Saturday we had friends coming up from LA. In the morning, we did housework, then I took an afternoon nap. When I woke, Jim and Linda were here, and we got to do some serious talking, since I hadn't seen them in a couple of years. A good supper (ginger chicken, asparagus with tamari sauce, rice, another birthday cake). We got to talking about holidays, and I reminisced about entertaining my in-laws at the last two Thanksgivings of my marriage. Suddenly I said, "My God, I am so happy I'm not married to him anymore!" Which means I've worked through the minor discomfort, the weirdness I felt when I discovered my ex had remarried. In the evening most of us watched a movie, but I needed some alone time, so I went and worked on fixing up my office.

Sunday morning a bunch of us went to breakfast. Then I took a nap and spent the rest of the day getting wonderful phone calls: from Gwen and Adrian, from Joe, from my mother.

Altogether a good weekend. And tomorrow afternoon I should be able to post about the exciting secret events of the past two weeks.
I Know It's Snowing Back East

Yeah, six to twelve inches, on top of all the other snow, ice, and snow they've had. Whereas here, I've watched sadly over the past week or ten days as the grassy hills have developed soft brown highlights, like the bright places where the patina has worn away from a copper statue. In a month or less the hills will all be lion-colored again.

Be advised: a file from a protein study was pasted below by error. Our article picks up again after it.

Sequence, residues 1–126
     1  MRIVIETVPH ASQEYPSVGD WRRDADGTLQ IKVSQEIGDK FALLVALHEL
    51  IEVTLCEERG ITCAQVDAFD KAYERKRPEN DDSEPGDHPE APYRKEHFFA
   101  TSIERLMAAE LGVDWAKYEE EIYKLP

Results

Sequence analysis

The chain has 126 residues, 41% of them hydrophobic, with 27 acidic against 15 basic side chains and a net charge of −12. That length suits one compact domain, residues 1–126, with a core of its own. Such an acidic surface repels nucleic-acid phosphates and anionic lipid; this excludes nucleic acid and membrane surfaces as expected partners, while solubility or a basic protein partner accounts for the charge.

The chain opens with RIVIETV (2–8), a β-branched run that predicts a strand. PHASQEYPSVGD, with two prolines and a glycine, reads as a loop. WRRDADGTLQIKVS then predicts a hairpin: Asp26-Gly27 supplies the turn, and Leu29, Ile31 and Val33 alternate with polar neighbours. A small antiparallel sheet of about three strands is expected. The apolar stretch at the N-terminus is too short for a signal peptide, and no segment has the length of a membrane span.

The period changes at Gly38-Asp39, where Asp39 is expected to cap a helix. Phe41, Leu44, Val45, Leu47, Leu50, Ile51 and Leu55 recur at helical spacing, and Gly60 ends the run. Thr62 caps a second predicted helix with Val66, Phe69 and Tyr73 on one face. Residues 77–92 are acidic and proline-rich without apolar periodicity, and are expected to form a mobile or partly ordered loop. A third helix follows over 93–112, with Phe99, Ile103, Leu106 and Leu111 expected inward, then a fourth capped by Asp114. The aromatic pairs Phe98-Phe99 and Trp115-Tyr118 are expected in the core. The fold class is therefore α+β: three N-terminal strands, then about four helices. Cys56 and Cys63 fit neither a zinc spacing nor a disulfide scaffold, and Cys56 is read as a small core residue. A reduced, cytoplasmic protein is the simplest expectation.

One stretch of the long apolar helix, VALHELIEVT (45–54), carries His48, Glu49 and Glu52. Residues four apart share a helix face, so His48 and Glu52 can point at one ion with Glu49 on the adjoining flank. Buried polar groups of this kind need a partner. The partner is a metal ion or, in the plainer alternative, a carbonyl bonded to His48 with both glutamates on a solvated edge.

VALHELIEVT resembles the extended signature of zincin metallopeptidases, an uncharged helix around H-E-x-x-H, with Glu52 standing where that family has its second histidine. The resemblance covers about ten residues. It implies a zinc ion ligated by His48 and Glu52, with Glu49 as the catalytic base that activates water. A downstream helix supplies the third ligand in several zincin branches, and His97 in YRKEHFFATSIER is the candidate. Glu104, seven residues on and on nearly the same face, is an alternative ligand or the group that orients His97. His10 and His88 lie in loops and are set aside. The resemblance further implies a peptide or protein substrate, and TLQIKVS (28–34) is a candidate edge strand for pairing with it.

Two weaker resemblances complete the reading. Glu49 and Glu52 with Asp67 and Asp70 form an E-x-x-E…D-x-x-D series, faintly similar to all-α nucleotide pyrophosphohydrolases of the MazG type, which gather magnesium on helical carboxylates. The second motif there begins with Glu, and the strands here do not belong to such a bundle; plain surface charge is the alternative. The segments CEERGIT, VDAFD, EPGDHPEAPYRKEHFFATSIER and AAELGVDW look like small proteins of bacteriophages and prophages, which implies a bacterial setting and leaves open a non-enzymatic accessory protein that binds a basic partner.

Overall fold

Some other random California moments:

In a vacant lot in San Jose, being cleared for building, I saw a bulldozer parked next to a heap of trash: old fencing, weeds, brush, small trees uprooted. Scattered all over the ground: ripe oranges, brighter than the bulldozer.

The faults have shaped this landscape, bringing mountains, rolling hills, flat fertile valleys. The mountains to the west are always green with conifers — grand redwoods and Douglas fir. The long steep ridge runs north and south, with narrow hairpin roads leading up and over to the rolling land just before the sea. From across the valley or across the Bay, the mountains are deep green, fading to slate blue, smoke blue. On hot days from afar they seem transparent, a faintly darker section of the sky. Sometimes surfy clouds billow and break over them; when the valley is hot in sunlight, they are cool in shadow and cloud.

East of the mountains are high bare hills with chaparral in every fold and crevice, then lower rounded hills dotted with live oak. These beautiful landscapes look like Kenya to me (though I have never beeen to Africa). This is the fault zone. You can see the fault itself, a sudden rise on Page Mill Road in Palo Alto, just by the Hewlett-Packard building.